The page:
Attorney Mark Geragos said initial reviews of the 23-page questionnaire that potential panelists have been filling out since jury selection began last week show too many prospective jurors already have concluded his client is guilty.
"The prejudgment rate ... is at a level where the court needs to take some action," Geragos told the judge Tuesday.
"I probably made perhaps some decisions in my own mind as far as Scott Peterson not behaving as one might would if their wife was missing," excused juror Roger Wong told Gloria Gomez of CBS affiliate KOVR.
"His alibi was just nonsense," added another excused juror, Andrew Aherne. "It made no sense to anyone. And he just didn't seem to care or know what he was doing."
A Stanislaus County judge already moved the case from Modesto to Redwood City after finding that a fair jury could not be seated in the couple's hometown.
Packing up and moving won't help the defense, said San Mateo County defense attorney Dean Johnson, an observer.
"Look, once publicity has saturated the state of California, there's simply no reason to move from one county to another," he told Gomez.
"Peterson is entitled to a fair trial, not a perfect one, and like it or not he has to contend with the fact that a lot of people have heard about the case and his alleged role in his wife's death," says CBSNews.com Legal Analyst Andrew Cohen.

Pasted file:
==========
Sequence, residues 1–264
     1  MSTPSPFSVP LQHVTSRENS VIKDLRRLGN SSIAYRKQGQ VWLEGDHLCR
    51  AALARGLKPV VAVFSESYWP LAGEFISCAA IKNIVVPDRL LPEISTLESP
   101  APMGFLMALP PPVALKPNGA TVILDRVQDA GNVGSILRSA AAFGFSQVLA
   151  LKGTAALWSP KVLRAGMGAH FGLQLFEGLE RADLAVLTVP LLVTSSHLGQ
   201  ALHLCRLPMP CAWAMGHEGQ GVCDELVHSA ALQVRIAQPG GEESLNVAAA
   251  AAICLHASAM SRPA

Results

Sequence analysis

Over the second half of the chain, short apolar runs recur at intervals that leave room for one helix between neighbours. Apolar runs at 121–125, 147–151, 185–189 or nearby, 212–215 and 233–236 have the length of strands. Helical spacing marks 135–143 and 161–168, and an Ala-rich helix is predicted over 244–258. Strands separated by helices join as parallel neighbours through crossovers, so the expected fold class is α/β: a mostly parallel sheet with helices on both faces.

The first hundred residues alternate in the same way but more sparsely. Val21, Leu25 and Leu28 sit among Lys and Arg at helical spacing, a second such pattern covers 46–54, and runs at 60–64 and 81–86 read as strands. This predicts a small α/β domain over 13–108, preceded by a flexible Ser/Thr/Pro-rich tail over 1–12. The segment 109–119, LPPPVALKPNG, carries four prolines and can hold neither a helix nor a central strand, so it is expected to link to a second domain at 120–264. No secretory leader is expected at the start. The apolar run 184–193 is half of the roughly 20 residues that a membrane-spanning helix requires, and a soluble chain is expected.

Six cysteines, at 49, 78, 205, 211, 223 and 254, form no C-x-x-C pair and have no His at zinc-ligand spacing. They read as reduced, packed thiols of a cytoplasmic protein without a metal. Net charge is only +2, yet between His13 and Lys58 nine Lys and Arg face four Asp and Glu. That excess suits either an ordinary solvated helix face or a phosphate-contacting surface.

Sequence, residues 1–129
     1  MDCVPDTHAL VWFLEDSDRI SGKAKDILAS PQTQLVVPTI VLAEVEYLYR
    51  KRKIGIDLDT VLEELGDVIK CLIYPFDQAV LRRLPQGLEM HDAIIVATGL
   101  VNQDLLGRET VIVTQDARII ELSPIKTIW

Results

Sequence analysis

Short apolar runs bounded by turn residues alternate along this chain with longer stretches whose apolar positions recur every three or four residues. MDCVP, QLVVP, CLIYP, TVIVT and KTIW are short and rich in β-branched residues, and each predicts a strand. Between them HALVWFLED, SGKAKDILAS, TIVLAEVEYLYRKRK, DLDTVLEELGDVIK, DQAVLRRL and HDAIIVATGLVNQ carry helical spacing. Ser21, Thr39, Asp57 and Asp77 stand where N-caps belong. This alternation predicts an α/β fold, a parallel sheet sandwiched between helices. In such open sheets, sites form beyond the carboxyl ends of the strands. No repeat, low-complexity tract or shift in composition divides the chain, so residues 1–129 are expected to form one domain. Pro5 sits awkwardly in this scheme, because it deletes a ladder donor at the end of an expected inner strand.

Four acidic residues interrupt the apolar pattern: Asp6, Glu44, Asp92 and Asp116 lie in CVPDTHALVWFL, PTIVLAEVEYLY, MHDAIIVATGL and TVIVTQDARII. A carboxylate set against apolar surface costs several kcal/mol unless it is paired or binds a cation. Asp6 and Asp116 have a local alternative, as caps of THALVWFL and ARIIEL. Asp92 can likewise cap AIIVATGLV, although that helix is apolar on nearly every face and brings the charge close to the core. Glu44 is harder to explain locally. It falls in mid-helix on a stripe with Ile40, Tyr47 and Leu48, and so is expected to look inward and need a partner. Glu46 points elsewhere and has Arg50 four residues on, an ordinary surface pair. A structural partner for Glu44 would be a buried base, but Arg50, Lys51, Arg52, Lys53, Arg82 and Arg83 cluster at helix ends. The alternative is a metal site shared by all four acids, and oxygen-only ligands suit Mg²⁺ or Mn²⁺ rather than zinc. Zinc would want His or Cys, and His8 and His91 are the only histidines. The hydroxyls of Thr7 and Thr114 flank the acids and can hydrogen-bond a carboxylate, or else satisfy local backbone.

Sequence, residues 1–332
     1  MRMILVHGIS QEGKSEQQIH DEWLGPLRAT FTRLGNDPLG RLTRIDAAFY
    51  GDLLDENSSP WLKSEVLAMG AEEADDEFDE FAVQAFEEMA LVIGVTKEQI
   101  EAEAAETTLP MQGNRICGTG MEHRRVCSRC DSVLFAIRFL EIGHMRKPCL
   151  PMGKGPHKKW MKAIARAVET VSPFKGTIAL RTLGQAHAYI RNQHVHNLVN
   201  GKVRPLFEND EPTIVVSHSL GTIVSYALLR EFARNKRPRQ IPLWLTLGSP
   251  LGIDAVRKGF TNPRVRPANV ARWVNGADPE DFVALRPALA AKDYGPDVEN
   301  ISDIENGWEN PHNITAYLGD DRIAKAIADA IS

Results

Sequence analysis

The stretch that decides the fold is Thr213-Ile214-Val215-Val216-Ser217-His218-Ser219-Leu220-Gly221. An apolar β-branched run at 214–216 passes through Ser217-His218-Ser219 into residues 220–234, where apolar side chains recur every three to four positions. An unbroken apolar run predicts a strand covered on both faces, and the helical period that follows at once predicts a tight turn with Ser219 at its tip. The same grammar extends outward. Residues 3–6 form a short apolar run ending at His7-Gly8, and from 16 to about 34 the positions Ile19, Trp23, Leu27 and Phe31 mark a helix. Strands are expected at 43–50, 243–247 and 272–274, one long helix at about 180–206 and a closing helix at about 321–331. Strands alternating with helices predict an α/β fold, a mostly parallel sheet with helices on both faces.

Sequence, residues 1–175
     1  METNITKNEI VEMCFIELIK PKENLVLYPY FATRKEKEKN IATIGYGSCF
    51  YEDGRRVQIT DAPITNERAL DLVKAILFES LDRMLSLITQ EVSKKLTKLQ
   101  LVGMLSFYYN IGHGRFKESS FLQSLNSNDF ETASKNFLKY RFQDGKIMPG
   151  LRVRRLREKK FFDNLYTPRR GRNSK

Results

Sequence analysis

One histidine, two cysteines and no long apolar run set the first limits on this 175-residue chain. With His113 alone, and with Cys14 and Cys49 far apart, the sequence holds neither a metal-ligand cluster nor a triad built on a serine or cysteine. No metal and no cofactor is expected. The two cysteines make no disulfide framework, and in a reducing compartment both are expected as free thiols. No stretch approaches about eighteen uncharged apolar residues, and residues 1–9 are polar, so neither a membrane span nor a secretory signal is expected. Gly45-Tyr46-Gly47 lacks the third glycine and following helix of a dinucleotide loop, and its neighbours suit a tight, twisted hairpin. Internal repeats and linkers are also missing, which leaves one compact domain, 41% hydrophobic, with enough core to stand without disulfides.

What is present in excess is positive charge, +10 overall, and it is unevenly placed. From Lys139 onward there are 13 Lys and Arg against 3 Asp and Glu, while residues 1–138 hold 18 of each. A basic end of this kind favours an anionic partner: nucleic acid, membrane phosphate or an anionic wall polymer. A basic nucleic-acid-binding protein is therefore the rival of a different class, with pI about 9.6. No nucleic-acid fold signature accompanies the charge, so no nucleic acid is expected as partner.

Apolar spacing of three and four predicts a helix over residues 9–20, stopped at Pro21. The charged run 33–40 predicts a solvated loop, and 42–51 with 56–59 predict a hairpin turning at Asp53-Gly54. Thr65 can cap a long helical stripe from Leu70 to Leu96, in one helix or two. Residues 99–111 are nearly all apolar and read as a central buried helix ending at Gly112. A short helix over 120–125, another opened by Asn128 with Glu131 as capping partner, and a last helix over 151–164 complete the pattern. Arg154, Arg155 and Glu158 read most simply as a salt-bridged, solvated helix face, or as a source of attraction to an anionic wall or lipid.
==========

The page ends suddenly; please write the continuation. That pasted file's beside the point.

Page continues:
"It's possible but highly unlikely that there will be another venue change for this case," Cohen says. "One move is rare enough, two is virtually unheard of."
"I think Peterson's attorney is making the venue argument again to ensure a little more control over the jury selection process, which he may or may not get, depending upon what the judge wants to do," he added.
Along with a change of venue, Geragos said he also might ask the judge reconsider an earlier decision not to select two juries, one for the guilt-or-innocence phase, one for the penalty phase. He may also ask for the defense to be given an additional number of challenges to dismiss unwanted potential jurors.
The defense and prosecution each has 20 chances to dismiss potential jurors before a panel of 12 and six alternates is seated.
Peterson, 31, could face the death penalty or life in prison without parole if he's convicted of murdering his pregnant wife and their unborn son. Authorities allege he killed Laci Peterson on Dec. 24, 2002, because he was having an affair with a massage therapist.
Judge Alfred A. Delucchi still must decide whether to allow into evidence television interviews that Scott Peterson did in the weeks after his wife's disappearance. Prosecutors allege Peterson lied several times during the interviews, including about his relationship with massage therapist Amber Frey.
Geragos has argued the interviews have no relevance in this case because Peterson's comments are about "the continuing search for Laci ... and Mr. Peterson's admission of an adulterous relationship."
Delucchi said court would not be in session next week to give attorneys time to review the questionnaires and prepare motions. He said he would hear arguments March 22 on the media interviews and the possible motion for a change of venue.